Yet, even Bieito’s Don Giovanni seems tame next to his sex-and-splatter version of Mozart's Entführung aus dem Serail, an opera that caused Mozart a number of problems when he wrote it because of its depiction of the Turkish in an Austrian empire which held the country to be little more than fodder for slavery. Bieito turns the Seraglio into a whorehouse where pimps force prostitutes to drink piss then slice off their nipples. Scenes of copulation, fellatio, rape, torture and mutilation bedevil almost every scene. And yet, is such operatic art any different from the more overt depictions of violence in the revenge tragedies of Seneca or Shakespeare or Kidd? Entführung lacks, of course, a sustainable drama throughout its libretto, and it is often considered one of Mozart’s most difficult operas to stage successfully, but even Bieito’s conception – a completely viable one - cannot rob the opera of its music, which still has a wonderful freshness and invention even by today’s standards. Similar virtues underscore Bieito’s vision of another demotic opera – Verdi’s Trovatore. Again, there is something of the Senecan in his depiction of violence – multiple shootings and electrification by jump-leads attached to nipples - both of which are descriptive not only of the opera’s own scenes of execution and power but of a much wider inhumanity that opera can – and should – reflect. As Azucena is forced to watch Manrico’s execution aren’t we all being taken into a 21st Century of 24 hour television that makes us all witnesses to a world’s unfolding atrocities? Bieitos’s vision of Verdi is no less viable because of that, and Verdi’s own characterization of his protagonists in this opera – the dispossessed, the outcast, the non-conformist, the rebel – are all reflected in a staging that equals this sense of human alienation. Scenes of anal rape, buggery, wanking and shit smearing enrich the characterization as surely as Verdi’s own music does – from the juxtaposition of high art music, such as the ‘Misere’, to the low art music given over to Azucena and Manrico.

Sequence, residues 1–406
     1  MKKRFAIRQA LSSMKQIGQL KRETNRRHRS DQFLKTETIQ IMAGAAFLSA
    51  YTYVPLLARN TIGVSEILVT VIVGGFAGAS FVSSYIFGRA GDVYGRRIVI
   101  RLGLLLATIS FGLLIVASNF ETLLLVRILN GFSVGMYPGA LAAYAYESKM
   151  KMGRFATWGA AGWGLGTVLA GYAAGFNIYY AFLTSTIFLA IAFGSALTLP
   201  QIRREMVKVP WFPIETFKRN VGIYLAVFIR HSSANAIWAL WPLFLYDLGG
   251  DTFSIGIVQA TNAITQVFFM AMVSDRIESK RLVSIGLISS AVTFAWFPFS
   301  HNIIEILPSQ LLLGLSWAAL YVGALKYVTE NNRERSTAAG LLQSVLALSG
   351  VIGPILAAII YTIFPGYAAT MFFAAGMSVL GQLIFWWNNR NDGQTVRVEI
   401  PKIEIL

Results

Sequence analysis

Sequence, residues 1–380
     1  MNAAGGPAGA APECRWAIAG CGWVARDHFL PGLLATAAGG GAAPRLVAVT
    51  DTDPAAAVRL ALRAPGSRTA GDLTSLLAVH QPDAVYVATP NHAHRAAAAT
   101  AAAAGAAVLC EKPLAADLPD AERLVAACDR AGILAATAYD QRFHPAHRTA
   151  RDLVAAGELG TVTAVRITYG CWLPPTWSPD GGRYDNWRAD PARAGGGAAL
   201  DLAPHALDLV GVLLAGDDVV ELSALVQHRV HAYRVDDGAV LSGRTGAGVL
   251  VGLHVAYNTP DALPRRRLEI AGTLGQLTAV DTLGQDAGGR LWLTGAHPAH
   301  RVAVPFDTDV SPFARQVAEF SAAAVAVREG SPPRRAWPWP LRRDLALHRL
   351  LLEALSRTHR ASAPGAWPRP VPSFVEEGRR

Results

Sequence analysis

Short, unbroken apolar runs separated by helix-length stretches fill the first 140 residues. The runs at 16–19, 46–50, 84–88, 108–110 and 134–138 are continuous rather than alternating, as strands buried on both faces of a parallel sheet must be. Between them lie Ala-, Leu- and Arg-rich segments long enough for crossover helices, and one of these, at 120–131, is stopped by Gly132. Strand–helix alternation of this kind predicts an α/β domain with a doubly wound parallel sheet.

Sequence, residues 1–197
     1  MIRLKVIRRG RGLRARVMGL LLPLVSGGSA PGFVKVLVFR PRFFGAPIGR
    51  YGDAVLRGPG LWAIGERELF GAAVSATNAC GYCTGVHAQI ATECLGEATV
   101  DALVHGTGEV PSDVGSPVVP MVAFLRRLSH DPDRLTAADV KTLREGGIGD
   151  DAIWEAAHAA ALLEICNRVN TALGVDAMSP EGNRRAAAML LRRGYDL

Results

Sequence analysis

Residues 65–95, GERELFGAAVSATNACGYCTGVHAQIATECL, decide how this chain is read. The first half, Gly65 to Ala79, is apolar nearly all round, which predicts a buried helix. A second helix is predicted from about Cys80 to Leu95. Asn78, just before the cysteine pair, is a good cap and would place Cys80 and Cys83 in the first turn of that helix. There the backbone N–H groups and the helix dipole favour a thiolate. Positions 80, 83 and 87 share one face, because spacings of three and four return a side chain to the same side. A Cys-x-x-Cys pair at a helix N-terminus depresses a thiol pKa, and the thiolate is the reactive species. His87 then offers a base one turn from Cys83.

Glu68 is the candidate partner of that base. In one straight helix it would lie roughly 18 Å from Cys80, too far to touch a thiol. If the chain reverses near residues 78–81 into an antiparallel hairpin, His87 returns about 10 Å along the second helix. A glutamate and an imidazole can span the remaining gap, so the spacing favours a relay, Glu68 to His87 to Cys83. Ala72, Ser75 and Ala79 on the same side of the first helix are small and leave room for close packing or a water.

Bieito’s achievement – as Chereau’s was for his infamous (though now lauded) Bayreuth Ring Cycle – is to make opera relevant to contemporary society and push back the boundaries of art. There is nothing overtly shocking about either director’s interpretation of the libretto; but what makes these productions controversial is the critics’ and audiences’ feeling of discomfort that such visible acts of decay – and depravity - bring from the private domain into the public arena. What is acceptable in the bedroom, the private club or a back room is it seems something that we do not wish to see in the opera house. It is much less about the radicalism of opera and more about asserting moral arguments. That has no place in opera criticism.